Textile Society of America


Date of this Version



Textile Society of America 9th Biennial Symposium (2004)


Presented at “Appropriation • Acculturation • Transformation,” Textile Society of America 9th Biennial Symposium, Oakland, California, October 7-9, 2004. Copyright 2004 Textile Society of America.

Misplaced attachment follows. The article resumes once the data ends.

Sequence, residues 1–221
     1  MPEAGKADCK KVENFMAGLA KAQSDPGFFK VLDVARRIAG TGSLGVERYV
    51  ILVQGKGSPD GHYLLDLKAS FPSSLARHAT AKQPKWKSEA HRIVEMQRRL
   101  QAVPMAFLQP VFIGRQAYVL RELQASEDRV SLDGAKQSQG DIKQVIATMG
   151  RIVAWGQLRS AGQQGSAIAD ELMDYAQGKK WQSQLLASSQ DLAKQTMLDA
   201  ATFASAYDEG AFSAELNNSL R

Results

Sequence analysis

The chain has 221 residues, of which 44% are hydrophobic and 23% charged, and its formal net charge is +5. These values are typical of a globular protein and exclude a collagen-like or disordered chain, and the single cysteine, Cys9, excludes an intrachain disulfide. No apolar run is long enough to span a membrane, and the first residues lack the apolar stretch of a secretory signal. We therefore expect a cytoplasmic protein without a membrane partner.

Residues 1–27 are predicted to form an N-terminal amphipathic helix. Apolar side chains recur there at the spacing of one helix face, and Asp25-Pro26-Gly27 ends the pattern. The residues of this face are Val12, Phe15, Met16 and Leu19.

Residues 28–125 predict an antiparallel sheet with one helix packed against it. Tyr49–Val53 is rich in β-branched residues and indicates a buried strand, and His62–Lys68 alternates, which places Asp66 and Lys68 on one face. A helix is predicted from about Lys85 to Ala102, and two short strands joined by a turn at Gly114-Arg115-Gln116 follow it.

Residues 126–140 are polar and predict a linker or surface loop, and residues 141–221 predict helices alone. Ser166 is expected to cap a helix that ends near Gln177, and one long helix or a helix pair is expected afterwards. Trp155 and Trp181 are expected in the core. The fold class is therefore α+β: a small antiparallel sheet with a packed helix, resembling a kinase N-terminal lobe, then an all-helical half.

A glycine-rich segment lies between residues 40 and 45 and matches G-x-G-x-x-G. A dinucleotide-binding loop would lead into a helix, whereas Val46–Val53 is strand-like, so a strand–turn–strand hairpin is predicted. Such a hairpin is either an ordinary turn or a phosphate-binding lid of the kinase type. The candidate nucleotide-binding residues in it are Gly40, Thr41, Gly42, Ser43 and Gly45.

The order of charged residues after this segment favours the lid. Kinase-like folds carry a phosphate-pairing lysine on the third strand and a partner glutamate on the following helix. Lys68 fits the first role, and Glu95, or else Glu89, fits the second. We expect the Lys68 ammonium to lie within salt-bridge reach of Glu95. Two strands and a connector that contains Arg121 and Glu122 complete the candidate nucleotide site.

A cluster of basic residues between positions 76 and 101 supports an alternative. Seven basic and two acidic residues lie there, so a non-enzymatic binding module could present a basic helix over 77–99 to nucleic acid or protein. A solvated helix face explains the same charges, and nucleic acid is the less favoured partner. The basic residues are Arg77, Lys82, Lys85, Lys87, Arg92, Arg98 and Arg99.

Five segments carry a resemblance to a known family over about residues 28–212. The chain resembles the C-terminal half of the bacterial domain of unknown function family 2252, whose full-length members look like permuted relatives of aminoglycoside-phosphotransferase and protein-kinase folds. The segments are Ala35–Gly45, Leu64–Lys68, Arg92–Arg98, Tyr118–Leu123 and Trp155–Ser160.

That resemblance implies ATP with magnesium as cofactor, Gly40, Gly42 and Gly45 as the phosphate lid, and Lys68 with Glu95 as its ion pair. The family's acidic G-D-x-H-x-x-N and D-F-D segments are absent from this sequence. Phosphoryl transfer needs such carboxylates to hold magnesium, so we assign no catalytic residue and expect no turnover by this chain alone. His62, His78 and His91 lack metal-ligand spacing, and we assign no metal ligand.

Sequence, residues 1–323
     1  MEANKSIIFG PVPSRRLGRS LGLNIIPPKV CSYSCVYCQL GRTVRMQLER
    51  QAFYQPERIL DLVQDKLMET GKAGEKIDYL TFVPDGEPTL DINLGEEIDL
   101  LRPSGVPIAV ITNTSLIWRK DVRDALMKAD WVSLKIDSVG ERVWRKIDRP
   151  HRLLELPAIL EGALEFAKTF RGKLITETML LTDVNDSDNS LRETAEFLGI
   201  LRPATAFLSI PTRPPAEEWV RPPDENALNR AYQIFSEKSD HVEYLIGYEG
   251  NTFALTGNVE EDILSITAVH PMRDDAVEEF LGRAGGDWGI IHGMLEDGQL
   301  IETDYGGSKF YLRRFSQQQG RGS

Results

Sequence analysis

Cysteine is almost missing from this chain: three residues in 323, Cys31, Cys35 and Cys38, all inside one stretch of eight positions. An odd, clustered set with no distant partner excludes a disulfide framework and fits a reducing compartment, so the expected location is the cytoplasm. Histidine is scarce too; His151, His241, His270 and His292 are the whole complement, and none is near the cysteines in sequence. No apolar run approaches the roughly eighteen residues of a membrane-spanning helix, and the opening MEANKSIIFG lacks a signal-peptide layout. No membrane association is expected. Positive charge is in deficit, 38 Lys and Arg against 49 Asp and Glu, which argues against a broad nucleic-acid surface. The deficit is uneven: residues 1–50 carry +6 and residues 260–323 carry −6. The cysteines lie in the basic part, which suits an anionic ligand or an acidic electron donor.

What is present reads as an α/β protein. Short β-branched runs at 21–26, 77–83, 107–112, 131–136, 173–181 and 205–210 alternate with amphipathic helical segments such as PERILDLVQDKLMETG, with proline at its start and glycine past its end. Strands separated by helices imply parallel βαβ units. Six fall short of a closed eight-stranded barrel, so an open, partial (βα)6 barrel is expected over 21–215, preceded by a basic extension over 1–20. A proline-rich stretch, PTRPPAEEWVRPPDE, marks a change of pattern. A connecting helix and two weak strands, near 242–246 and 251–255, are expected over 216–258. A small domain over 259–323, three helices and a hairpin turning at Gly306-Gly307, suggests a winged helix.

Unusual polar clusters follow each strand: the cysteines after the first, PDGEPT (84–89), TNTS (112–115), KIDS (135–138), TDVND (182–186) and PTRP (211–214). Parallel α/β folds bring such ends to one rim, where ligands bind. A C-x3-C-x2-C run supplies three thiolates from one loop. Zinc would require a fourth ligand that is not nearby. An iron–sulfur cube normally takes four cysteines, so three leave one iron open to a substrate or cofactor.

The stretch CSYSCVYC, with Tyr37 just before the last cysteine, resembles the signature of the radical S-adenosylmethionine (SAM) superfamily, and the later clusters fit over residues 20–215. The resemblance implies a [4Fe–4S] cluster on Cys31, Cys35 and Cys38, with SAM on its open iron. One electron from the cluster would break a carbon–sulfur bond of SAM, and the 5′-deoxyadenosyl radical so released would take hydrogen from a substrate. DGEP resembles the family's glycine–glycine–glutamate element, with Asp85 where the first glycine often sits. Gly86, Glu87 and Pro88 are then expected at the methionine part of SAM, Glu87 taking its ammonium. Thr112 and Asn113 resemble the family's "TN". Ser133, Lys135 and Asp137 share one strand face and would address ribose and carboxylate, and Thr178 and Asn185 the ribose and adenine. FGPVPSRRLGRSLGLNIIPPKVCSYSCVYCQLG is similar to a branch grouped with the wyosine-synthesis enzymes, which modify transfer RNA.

Women of the tiny Jicarilla Apache tribe of north-central New Mexico have one of the most vibrant and distinctive poncho traditions of any contemporary American Indian group. Based on the yoke of the early 1800s deerskin “tail dress” design, the Jicarilla cape became a separate item of apparel. that was decorated in a classic mode with scallops and fringes, yellow paint, and striped beadwork edges. The cape design signifies woman’s origins and fruitfulness connected with the moon and its phases; thus it functions as necessary raiment and a powerful symbol at a Jicarilla Girl’s Coming Out Ceremony and Feast, a four-day ritual of traditional learning and joy. When trade cloth dresses sewn on Singers revolutionized clothing in the late nineteenth century, the skin cape survived as a unique sign of personal and tribal pride and status. Ever more creatively beaded within the classic style, ceremonial capes continue to be made and worn as icons of Jicarilla womanhood.